Other alternate stops could be the Mammoth Site in Hot Springs, Black Hills Balloons, National Museum of Woodcarving, Evans Plunge, Beaver Lake Water Park, and Four Mile Old West Town.

If the group is still cooperating, keep in mind that Crazy Horse Memorial, the largest mountain carving in progress in the world, is right outside of Custer. If it's late in the day, stick around for their laser light show.

Day Three

Rapid City is the largest city (by far) and on the first day, everyone in your traveling party probably took note of all the attractions here. It's been a hub for tourists since the 1930s while work on Mount Rushmore was just taking shape. Today, it's known as the City of Presidents for the statues located downtown. You'll notice the thriving rejuvenation that's taking place throughout the downtown area. Main Street Square is a central point that's always hosting unique events and activities. If you're here on a Thursday night, you'll enjoy the sites and sounds of Summer Nights, an outdoor event held from 6pm-9pm.

Reptile Gardens with its Guinness-record holding collection of reptiles, tropical fauna, and animal shows is a must. Adding to the fun, other animal attractions like Bear Country USA and Old Macdonald's Farm are nearby. Load up on a cheap cowboy breakfast at Fort Hays on the way out. On the way back into Rapid City, your group can clean up any other Hwy. 16 stops you wish.

In Rapid City, we also suggest spending some time at Storybook Island, a free attraction that's a fav of locals.


Alternate stops in Rapid City are the 30,000 sq. ft WaTiki Indoor Waterpark, Dinosaur Park, Dinosaur Museum, Putz n Glo, Rapid Escape, Journey Museum, Outdoor Campus - West, and Caputa Alpacas.

Day Four

With Mount Rushmore National Memorial, Crazy Horse Memorial, Custer State Park, a cave and Reptile Gardens already off your list, the last region to hit is referred to by locals as the Northern Black Hills. Here, you'll find many of the mid-sized Black Hills towns in Spearfish, Sturgis, Deadwood, and more.

You'll also find great attractions that aren't as well-known as the previous days stops.

Spearfish Canyon, with its waterfalls and hikes, is where locals often spend a day. Roughlock Falls is a beautiful stop and one of the easiest hikes in the Hills leads to it.


In Spearfish, feed the fish at DC Booth Historic National Fish Hatchery and enjoy the City Park. In Deadwood – catch the Trial of Jack McCall on historic Main Street, see if you recognize any famous names buried at Mt. Moriah Cemetery, or play the games at Kodiak's Arcade and Shooting Gallery. In Lead, stop by the Sanford Homestake Visitor Center.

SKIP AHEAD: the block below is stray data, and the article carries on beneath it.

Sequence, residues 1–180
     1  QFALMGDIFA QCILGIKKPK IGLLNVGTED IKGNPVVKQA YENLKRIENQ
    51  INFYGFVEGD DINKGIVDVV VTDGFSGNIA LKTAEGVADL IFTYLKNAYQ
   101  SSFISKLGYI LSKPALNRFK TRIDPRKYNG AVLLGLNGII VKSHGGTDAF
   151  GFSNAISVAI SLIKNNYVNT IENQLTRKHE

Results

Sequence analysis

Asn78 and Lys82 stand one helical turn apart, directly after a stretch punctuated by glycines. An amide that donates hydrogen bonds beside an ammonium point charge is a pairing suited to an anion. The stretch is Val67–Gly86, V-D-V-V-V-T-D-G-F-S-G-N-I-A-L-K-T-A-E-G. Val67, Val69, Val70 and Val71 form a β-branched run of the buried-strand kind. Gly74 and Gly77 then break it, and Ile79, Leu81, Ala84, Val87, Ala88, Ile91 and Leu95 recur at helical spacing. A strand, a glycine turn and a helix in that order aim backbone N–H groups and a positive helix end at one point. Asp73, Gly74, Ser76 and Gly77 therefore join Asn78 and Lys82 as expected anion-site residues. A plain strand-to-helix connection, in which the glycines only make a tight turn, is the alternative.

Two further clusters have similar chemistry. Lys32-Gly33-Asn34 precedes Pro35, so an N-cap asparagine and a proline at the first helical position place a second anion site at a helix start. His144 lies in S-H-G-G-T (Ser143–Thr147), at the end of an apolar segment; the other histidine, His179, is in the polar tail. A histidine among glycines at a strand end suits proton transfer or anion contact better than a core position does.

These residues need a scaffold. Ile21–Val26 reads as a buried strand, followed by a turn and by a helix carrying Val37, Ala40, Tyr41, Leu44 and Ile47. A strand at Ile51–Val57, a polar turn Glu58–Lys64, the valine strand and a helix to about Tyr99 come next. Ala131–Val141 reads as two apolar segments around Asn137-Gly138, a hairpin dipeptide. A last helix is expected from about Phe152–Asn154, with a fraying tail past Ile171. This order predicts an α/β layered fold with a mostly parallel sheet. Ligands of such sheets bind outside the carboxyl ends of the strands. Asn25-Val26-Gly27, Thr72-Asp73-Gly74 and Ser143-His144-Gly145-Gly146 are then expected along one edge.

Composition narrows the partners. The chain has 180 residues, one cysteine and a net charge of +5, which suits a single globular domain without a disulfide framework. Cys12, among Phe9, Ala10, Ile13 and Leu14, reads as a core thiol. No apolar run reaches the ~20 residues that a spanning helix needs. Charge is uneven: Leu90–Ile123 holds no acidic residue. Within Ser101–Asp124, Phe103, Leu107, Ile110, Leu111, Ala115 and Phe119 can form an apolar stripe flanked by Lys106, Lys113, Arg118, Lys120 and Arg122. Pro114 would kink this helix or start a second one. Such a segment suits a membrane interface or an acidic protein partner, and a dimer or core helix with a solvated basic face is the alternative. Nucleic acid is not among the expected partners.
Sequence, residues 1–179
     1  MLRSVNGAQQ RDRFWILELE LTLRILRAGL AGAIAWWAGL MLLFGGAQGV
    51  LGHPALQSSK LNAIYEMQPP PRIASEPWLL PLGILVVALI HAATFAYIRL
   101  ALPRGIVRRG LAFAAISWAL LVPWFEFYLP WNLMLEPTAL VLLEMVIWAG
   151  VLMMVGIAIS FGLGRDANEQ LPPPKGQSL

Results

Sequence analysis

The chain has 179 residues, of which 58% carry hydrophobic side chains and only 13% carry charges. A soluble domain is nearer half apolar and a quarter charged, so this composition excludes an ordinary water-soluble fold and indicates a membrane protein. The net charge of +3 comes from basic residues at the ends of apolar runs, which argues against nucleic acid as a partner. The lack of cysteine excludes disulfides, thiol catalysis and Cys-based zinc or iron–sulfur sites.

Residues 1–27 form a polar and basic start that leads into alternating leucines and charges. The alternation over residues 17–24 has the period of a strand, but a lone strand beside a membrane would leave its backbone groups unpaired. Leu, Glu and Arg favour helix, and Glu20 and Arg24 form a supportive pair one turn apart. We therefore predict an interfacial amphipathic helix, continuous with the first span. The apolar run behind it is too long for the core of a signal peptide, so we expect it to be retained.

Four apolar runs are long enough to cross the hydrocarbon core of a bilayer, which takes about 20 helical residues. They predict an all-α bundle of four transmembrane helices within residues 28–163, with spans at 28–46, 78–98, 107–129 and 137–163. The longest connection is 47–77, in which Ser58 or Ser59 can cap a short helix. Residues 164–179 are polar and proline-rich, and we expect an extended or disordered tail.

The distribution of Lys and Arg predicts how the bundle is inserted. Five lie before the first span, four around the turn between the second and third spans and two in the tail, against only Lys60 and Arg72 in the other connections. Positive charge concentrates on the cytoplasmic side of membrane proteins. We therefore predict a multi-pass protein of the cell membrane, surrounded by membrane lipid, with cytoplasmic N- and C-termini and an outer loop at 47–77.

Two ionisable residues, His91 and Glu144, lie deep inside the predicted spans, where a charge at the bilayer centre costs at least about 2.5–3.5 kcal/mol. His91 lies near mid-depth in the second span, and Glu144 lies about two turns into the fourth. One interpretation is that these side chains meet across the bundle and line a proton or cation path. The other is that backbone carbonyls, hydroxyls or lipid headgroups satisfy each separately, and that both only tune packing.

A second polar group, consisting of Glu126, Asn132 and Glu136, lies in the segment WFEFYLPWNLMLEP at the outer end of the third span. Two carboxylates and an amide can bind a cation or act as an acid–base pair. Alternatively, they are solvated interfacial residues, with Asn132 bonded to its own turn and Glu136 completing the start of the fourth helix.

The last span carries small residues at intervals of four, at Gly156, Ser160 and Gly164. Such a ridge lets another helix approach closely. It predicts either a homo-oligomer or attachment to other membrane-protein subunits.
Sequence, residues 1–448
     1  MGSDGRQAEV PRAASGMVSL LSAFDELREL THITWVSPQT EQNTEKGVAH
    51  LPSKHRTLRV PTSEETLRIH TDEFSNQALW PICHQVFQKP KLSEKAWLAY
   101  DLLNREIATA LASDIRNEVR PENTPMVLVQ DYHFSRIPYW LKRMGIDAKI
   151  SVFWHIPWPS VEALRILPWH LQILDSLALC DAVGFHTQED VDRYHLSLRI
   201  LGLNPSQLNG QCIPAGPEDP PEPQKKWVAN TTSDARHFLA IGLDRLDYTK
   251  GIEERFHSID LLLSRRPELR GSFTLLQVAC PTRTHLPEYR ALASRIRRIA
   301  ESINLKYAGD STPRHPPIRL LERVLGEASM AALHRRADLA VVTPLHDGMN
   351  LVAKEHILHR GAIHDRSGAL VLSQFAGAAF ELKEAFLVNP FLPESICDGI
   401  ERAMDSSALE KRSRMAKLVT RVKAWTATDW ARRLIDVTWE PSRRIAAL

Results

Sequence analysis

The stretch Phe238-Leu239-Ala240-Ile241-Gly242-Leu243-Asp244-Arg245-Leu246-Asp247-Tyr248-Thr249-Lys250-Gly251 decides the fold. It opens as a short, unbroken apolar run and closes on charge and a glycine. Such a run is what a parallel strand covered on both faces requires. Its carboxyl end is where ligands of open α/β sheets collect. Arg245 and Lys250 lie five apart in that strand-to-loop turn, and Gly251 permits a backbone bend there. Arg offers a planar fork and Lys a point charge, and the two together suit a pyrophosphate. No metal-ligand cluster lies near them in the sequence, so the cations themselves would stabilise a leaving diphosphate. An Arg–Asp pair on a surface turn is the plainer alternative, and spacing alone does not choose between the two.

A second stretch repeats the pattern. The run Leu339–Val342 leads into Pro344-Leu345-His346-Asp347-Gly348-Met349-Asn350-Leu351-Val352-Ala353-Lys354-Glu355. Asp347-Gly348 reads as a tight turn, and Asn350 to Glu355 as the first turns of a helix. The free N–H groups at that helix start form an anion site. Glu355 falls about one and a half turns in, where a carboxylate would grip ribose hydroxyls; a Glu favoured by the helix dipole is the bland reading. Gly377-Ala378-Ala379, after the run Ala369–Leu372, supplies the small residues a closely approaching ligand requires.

Devils Tower National Monument is a scenic hour drive away (a great chance to nap for the littlest ones) and has an easy trail around the base. This was the nation's first national monument and is worth the trip.

For groups with older ones seeking more adventure, rent a UTV from outfits like Mystic Hills Hideaway, Rec Springs, Mad Mountain or other outfitters and head into the forest.

Alternate stops in the Northern Hills include the Adams Museum, Termesphere Gallery, Vore Buffalo Jump, Bear Butte State Park, Broken Boot Gold Mine, Spearfish Rec & Aquatics Center, Wonderland Cave, Trail Rides at Diamond 7 Bar Guest Ranch or the Black Hills Mining Museum.

One thing missing from this extensive list are the Badlands and Wall area. They are a favorite of my family, and if you're traveling from the east like most Black Hills visitors are, make sure to hit the park and Wall Drug on your way in. Stop at the overlooks, take a short trail, and ride the Jackalope at Wall Drug. When you're there, enjoy some free ice water and let the kids have a sugar buzz off some of the best cake donuts you'll ever try.


This list is jam packed with action, but when traveling with kids, it is all subject to change. Highlight one or two stops a day and know that you can always come back. The Black Hills experience will be here for generations to come.

About the Author

Mike, by accident he ended up in sales and marketing; Mike's education and background is in journalism, with an emphasis in photojournalism.

Having spent most of his life in various South Dakota towns on the east-side of the Missouri River – like Huron, Vermillion, Brookings and Pierre – Mike followed a girl west to Spearfish.  He has thoroughly enjoyed the past thirteen years there.

What Mike loves most is time spent around the Hills with his family, whether it's in Spearfish Canyon, at a Black Hills attraction or at Spearfish City Park and the DC Booth National Historic Fish Hatchery. He also loves dusting off his camera every now and then for a shoot, making a good meal and washing it down with a great beer.